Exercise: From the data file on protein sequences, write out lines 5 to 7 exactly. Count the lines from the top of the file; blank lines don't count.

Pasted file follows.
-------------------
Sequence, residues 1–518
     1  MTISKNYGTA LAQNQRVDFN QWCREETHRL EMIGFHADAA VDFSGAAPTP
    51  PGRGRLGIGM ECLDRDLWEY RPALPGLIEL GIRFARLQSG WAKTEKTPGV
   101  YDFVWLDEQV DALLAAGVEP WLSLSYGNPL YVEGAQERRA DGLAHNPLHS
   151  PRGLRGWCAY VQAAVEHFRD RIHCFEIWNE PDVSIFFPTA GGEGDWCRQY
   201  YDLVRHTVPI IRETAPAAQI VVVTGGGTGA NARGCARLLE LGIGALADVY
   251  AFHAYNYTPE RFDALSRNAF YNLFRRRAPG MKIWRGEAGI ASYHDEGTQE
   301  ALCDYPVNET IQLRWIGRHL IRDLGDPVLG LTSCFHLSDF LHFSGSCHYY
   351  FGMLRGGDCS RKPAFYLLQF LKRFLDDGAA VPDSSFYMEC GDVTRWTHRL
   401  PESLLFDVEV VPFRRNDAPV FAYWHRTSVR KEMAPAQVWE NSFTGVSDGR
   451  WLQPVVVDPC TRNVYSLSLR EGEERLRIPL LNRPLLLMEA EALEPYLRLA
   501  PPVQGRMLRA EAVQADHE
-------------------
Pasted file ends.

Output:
   151  PRGLRGWCAY VQAAVEHFRD RIHCFEIWNE PDVSIFFPTA GGEGDWCRQY
   201  YDLVRHTVPI IRETAPAAQI VVVTGGGTGA NARGCARLLE LGIGALADVY
   251  AFHAYNYTPE RFDALSRNAF YNLFRRRAPG MKIWRGEAGI ASYHDEGTQE